G.T. v. Kanawha County Schools
January 27, 2020 – The Bazelon Center and other advocates represent The Arc of West Virginia and parents of an autistic child in a class action in federal court in Charleston, West Virginia, alleging widespread failures by Kanawha County Schools (KCS) to educate children with disabilities, including autism, intellectual and developmental disabilities, mental health issues, and Attention Deficit Hyperactivity Disorder (ADHD). The class action complaint asserts that KCS—the public school district serving the Charleston metro area—has failed to provide behavioral supports to students with disabilities and is instead punishing them by sending them home instead of educating them. Attorneys for The Arc of West Virginia and the parents—the Bazelon Center, Disability Rights of West Virginia, Mountain State Justice, The Arc of the United States, and the law firm Latham & Watkins LLP—allege that KCS has violated federal laws protecting students with disabilities.
Data from the West Virginia Department of Education shows that over 1,000 children with disabilities enrolled in KCS were removed from their classrooms during the 2018-2019 school year after their schools suspended them. This number does not include all of the additional students with disability-related behaviors whose schools asked their parents to take children out of the school before the end of the school day, or to keep them at home, without formally suspending them. It also does not include students with disabilities who were expelled from school for their behavior; those who were separated unnecessarily from mainstream classrooms and moved to segregated classrooms where they interact only with other students with disabilities and receive an inferior education; or those who were placed on “homebound” status where they may receive only a few hours of tutoring each week. These students are not receiving critical behavioral supports that can help them be successful in the general education classroom with their classmates without disabilities.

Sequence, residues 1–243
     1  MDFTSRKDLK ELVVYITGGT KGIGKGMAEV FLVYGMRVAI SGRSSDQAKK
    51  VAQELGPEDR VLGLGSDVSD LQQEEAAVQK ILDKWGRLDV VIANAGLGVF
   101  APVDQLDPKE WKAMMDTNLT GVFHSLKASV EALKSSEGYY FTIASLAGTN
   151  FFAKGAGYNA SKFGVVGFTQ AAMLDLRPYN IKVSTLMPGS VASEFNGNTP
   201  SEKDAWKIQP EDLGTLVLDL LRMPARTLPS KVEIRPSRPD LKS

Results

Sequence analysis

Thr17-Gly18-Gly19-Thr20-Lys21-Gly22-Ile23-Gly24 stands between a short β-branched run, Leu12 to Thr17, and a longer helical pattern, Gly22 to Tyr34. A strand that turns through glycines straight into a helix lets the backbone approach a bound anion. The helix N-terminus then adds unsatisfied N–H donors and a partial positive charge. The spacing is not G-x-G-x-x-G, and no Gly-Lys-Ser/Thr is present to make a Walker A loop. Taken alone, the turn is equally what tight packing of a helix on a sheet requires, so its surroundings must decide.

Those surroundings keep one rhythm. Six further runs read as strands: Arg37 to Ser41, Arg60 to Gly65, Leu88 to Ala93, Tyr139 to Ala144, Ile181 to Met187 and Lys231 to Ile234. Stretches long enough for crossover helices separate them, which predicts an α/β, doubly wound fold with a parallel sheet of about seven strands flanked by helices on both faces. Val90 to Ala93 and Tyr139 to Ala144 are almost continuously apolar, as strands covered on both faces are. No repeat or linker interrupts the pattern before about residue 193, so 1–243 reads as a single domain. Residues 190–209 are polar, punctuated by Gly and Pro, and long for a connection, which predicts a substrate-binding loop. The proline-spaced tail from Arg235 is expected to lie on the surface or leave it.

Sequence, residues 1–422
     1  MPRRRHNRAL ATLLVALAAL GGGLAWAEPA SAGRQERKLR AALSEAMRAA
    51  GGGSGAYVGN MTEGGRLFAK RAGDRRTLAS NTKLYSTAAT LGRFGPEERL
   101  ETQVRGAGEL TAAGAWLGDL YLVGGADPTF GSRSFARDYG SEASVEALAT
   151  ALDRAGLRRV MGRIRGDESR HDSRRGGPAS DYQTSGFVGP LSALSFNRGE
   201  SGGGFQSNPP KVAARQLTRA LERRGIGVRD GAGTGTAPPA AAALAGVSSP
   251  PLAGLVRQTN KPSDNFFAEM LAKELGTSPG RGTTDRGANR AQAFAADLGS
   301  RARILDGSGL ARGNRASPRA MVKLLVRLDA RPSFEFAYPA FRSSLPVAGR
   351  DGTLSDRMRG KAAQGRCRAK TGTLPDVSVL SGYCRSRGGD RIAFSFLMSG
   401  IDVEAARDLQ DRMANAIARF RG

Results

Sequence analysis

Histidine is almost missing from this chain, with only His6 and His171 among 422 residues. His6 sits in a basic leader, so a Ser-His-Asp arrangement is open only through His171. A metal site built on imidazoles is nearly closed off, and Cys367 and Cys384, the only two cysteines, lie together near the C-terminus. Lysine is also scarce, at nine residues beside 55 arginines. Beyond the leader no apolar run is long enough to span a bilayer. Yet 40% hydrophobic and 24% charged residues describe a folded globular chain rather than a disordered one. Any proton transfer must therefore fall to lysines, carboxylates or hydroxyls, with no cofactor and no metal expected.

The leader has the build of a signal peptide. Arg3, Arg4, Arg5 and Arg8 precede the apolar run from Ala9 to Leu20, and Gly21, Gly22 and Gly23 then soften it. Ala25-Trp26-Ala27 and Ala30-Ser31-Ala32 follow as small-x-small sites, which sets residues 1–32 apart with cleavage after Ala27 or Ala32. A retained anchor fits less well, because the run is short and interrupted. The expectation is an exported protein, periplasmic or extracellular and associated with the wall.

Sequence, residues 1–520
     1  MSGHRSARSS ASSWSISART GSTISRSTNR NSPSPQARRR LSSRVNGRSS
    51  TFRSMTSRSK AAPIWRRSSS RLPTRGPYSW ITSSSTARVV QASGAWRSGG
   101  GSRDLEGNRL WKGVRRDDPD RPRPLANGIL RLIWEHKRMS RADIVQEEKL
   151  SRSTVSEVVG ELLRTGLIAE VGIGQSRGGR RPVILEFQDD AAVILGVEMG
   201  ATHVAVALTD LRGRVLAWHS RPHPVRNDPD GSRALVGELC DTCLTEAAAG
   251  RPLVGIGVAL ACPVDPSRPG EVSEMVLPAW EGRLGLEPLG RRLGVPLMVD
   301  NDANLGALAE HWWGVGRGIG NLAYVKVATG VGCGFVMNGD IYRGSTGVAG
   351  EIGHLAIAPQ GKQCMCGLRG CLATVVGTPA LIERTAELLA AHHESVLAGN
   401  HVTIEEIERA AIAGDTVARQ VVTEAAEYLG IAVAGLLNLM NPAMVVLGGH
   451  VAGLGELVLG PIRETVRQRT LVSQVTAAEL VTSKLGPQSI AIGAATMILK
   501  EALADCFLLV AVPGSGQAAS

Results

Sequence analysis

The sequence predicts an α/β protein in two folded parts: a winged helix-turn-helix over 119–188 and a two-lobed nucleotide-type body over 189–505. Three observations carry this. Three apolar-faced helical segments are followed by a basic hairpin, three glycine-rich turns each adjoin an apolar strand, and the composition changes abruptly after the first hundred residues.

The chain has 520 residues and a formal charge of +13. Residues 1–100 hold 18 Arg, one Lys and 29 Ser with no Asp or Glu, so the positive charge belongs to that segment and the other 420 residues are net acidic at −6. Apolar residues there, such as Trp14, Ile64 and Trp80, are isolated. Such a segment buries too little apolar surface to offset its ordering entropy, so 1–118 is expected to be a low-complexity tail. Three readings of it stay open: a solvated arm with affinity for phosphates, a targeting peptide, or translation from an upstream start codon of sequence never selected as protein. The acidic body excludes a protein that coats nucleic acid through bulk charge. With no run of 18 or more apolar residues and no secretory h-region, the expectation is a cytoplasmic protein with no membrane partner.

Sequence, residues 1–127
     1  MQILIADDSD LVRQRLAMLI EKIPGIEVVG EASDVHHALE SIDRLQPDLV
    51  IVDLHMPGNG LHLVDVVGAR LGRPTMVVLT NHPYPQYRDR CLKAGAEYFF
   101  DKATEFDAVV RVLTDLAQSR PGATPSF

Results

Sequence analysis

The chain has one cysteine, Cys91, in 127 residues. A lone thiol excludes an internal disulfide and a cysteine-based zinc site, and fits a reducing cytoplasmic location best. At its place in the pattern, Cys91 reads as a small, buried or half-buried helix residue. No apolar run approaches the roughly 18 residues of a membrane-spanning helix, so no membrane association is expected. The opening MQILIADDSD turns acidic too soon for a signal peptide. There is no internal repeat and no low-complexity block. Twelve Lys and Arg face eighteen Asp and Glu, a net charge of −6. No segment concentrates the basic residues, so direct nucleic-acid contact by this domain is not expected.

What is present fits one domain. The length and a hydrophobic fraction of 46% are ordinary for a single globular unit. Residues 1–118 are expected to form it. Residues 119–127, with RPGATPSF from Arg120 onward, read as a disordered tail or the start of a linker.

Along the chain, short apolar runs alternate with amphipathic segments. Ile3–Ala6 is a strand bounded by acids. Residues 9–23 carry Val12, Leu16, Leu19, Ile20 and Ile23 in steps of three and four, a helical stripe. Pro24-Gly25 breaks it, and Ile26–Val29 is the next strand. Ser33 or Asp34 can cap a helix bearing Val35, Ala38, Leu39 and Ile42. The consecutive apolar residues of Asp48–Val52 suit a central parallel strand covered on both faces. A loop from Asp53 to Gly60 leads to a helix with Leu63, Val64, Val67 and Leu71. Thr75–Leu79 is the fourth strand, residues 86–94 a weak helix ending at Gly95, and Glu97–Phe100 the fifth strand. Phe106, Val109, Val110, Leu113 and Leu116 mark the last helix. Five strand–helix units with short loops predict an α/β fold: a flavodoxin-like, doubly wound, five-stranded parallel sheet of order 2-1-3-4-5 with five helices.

The complaint alleges that KCS is: 1) violating the Individuals with Disabilities Education Act (IDEA) by failing to provide children with disabilities with the special education they need to receive a “free appropriate public education” in the least restrictive environment; and 2) violating the Americans with Disabilities Act (ADA), Section 504 of the Rehabilitation Act (Section 504), and the West Virginia Human Rights Act by failing to educate children with disabilities in the most integrated setting appropriate to their needs, and denying them equal educational opportunity.
In 2017, the U.S. Supreme Court held unanimously in Endrew F. v. Douglas County School District RE-1 that the “IDEA demands more.” Specifically, the Court provided a new and more demanding standard for what schools must do to adequately educate students with disabilities, requiring that school districts provide students with disabilities the opportunity to meet “challenging objectives” with “appropriately ambitious” special education. For virtually all children, this means receiving instruction and services in the general education classroom, with appropriate supports, alongside students without disabilities. In addition, in 1999, in Olmstead v. L.C., the Court held that the ADA prohibits the needless isolation or segregation of people with disabilities. The ADA applies to public schools, which cannot unnecessarily segregate students with disabilities, nor deny them equal opportunities.